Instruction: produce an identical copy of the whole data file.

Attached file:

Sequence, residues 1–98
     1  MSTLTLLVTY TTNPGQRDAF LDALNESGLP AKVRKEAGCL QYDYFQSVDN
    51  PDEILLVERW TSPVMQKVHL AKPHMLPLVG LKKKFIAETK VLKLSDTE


Sequence, residues 1–98
     1  MSTLTLLVTY TTNPGQRDAF LDALNESGLP AKVRKEAGCL QYDYFQSVDN
    51  PDEILLVERW TSPVMQKVHL AKPHMLPLVG LKKKFIAETK VLKLSDTE